WHO declared October 17 as the official end of the epidemic after 42 days without a case. The MSF intervention has been closed. MSF’s West African Unit (Dakar) will keep in contact with the government for follow-up as part of their routine activities.

Democratic Republic of Congo (DRC)

Update: November 20, 2014

The outbreak in DRC’s Equateur province, which was unrelated to the one in West Africa, was declared over this week. Around 60 MSF staff worked on this outbreak and two case management centers were established. The MSF teams have activated an exit plan.


Update: November 20, 2014

On September 29, a case of Marburg fever was declared in Uganda. MSF has helped reinforce local capacities for treating confirmed cases and for infection control. No new cases of the disease have been declared since. 


Update: November 20, 2014

Mali confirmed its first case of Ebola on October 23. So far there have been seven reported deaths in the country (including the first case): five confirmed with Ebola and two suspected cases. To date, 360 contacts have been identified and nearly all have been placed under surveillance.

In Bamako, MSF is running a CMC in collaboration with CNAM, Mali’s national disease center. The only confirmed Ebola patient admitted to this facility recently died. The case was detected on November 11 and the patient was immediately admitted to the facility. There is one more suspected case currently at the CMC.

MSF has reinforced its team and expanded its activities to help stop the disease spreading further. MSF is training Malian staff from CNAM to manage Ebola cases, and is overseeing the organization of an ambulance system and safe burials.

No specific treatment or vaccine is yet available for Ebola.

Symptoms of Ebola

Early on, symptoms are nonspecific, making it difficult to diagnose.

The disease is often characterized by the sudden onset of fever, feeling weak, muscle pain, headaches, and a sore throat. This is followed by vomiting, diarrhea, rash, impaired kidney and liver function, and, in some cases, internal and external bleeding.

Symptoms can appear from two to 21 days after exposure. Some patients may go on to experience rashes, red eyes, hiccups, chest pains, difficulty breathing, and swallowing.

Diagnosing Ebola

Diagnosing Ebola is difficult because the early symptoms, such as red eyes and rashes, are common.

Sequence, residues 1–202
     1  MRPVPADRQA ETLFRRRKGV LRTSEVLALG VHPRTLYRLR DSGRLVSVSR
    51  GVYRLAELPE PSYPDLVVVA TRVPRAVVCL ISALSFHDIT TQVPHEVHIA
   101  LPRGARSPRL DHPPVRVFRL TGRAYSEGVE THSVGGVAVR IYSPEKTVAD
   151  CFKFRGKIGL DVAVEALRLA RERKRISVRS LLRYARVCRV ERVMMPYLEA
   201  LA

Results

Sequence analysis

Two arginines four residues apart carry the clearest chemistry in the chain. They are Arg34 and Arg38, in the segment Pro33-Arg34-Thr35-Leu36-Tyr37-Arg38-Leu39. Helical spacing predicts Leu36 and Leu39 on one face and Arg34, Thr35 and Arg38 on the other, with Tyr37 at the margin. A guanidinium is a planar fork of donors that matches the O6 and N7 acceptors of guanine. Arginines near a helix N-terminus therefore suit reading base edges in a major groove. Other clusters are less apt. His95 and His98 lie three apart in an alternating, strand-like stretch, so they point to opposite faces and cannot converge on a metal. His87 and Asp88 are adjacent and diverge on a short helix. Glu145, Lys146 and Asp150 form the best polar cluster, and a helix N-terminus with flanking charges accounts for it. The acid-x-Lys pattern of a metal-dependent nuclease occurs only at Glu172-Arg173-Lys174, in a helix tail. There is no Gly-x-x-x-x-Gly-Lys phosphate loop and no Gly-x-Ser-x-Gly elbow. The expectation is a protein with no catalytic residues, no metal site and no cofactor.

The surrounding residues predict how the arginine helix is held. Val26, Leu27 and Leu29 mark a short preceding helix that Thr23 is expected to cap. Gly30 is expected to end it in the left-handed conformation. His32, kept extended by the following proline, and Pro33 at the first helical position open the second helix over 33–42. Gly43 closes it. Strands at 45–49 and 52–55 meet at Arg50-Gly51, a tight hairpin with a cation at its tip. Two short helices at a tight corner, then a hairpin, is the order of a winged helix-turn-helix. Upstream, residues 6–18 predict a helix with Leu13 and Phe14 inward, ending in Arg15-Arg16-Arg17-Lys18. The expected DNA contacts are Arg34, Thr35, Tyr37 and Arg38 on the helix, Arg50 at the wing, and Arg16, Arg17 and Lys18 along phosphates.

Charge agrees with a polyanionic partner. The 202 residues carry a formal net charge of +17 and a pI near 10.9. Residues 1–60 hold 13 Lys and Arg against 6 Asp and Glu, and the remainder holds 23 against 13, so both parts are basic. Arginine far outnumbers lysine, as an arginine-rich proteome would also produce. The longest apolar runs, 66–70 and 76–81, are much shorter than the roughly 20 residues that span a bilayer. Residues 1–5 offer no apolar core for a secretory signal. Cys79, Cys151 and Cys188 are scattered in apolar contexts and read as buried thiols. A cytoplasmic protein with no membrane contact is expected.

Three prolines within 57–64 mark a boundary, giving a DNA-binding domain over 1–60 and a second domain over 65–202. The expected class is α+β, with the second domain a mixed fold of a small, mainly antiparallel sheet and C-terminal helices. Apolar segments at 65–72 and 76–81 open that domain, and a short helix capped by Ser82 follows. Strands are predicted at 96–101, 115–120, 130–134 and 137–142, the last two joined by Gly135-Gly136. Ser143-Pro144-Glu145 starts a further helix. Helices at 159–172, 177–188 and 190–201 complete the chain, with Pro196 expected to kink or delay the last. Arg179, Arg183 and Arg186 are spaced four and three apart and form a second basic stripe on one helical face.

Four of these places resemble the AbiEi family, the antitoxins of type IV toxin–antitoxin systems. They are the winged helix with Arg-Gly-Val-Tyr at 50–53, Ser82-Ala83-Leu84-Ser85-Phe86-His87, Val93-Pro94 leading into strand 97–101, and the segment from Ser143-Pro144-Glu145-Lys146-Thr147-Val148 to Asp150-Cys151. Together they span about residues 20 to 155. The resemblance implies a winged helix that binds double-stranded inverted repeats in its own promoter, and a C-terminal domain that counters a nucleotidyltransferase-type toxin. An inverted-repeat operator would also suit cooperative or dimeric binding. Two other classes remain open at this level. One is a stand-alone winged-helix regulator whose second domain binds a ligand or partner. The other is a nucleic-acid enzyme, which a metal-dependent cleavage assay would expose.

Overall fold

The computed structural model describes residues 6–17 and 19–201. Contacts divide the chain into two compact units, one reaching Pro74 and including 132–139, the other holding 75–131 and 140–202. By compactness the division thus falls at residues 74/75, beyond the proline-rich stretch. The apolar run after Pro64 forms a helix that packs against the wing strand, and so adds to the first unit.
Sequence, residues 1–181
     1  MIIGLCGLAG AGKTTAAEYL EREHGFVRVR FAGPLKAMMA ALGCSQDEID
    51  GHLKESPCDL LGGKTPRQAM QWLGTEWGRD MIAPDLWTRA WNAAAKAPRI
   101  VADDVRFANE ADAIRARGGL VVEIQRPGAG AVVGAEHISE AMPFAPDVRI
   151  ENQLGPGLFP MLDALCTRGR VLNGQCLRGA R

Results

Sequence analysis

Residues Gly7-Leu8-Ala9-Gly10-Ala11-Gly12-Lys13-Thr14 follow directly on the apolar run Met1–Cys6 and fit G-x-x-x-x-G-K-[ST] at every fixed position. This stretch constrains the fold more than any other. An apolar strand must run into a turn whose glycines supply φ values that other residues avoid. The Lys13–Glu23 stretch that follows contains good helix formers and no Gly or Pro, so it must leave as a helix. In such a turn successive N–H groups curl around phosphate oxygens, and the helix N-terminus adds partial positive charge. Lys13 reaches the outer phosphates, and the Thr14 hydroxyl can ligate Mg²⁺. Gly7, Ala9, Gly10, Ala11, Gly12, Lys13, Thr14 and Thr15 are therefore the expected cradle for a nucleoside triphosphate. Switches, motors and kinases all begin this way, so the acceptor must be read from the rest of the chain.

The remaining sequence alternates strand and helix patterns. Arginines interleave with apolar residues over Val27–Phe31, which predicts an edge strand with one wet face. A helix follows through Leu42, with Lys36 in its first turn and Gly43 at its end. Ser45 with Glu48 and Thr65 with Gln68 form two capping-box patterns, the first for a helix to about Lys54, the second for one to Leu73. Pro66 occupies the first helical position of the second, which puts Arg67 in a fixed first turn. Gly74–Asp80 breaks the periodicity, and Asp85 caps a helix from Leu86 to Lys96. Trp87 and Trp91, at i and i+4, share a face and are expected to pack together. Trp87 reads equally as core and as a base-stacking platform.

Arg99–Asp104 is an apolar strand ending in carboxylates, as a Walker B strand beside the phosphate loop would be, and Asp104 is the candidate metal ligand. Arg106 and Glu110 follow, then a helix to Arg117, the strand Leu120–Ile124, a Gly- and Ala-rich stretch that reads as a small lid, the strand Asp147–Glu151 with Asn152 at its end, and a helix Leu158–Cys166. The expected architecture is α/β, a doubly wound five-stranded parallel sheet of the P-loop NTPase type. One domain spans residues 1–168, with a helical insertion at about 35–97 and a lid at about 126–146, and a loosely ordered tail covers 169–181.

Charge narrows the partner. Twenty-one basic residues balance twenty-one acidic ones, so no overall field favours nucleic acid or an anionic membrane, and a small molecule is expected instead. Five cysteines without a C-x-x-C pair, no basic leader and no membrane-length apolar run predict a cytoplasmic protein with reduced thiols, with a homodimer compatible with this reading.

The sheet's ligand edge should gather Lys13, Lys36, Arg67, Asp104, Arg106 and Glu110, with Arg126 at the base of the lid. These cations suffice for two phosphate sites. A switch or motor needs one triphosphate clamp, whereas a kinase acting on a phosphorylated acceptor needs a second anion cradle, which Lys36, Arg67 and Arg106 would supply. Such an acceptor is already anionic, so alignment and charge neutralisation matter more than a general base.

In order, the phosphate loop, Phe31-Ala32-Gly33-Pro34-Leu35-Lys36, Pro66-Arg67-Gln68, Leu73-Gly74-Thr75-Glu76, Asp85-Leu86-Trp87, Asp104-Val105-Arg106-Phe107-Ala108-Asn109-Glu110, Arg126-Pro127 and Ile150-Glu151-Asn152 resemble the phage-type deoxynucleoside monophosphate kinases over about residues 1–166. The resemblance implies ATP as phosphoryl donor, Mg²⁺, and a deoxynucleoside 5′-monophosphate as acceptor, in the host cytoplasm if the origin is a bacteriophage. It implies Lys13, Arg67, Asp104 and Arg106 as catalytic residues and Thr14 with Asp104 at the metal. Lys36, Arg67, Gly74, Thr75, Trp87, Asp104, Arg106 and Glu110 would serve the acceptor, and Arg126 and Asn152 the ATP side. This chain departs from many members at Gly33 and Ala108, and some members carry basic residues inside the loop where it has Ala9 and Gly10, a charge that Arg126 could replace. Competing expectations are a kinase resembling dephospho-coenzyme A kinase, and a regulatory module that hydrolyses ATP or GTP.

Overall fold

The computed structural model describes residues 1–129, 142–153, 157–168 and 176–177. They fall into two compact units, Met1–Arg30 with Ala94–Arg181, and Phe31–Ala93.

Ebola infections can only be diagnosed definitively in the laboratory by five different tests.

Such tests are an extreme biohazard risk and should be conducted under maximum biological containment conditions. A number of human-to-human transmissions have occurred due to a lack of protective clothing. 

“Health workers are particularly susceptible to catching it so, along with treating patients, one of our main priorities is training health staff to reduce the risk of them catching the disease while caring for patients,” said Henry Gray, MSF’s emergency coordinator, during an outbreak of Ebola in Uganda in 2012.

“We have to put in place extremely rigorous safety procedures to ensure that no health workers are exposed to the virus—through contaminated material from patients or medical waste infected with Ebola.”

Treating Ebola

No specific treatment or vaccine is yet available for Ebola.

Standard treatment for Ebola is limited to supportive therapy. This consists of hydrating the patient, maintaining their oxygen status and blood pressure, and treating him or her for any complicating infections.

Despite the difficulty of diagnosing Ebola in its early stages, those who display its symptoms should be isolated and public health professionals notified. Supportive therapy can continue with proper protective clothing until samples from the patient are tested to confirm infection.

MSF contained an outbreak of Ebola in Uganda in 2012 by placing a control area around the treatment center.

An Ebola outbreak is officially considered at an end once 42 days have elapsed without any new confirmed cases.

Risk of Ebola Spreading

The risk of Ebola spreading to the US is minimal, but to minimize it even further we need more resources to bring the outbreak under control in West Africa. 

Before this outbreak, MSF has treated hundreds of people affected by Ebola in Uganda, Republic of Congo, the Democratic Republic of Congo (DRC), Sudan, Gabon, and Guinea. In 2007, MSF entirely contained an epidemic of Ebola in Uganda.

"I was collecting blood samples from patients. We did not have enough protective equipment to use [and] I developed the same symptoms,” says Kiiza Isaac, a nurse from Uganda.

On November 19, 2007, I received laboratory confirmation—I had contracted Ebola.

"MSF came to Bundibugyo and they ran a treatment center. Many patients were cared for. Thank God, I survived. After my recovery, I joined MSF."

It is estimated there have been over 1,800 cases of Ebola, with nearly 1,300 deaths.

The Ebola virus was first associated with an outbreak of 318 cases of a hemorrhagic disease in Zaire (now the Democratic Republic of Congo) in 1976. Of the 318 cases, 280 died—and died quickly. That same year, 284 people in Sudan also became infected with the virus, killing 156.

The Ebola virus is made up of five species: Bundibugyo, Ivory Coast, Reston, Sudan, and Zaire, named after their places of origin. Four of these five have caused disease in humans. While the Reston virus can infect humans, no illnesses or deaths have been reported.

MSF has treated hundreds of people affected by Ebola in UgandaRepublic of Congo, the Democratic Republic of Congo (DRC), Sudan, Gabon, and Guinea. In 2007, MSF entirely contained an epidemic of Ebola in Uganda.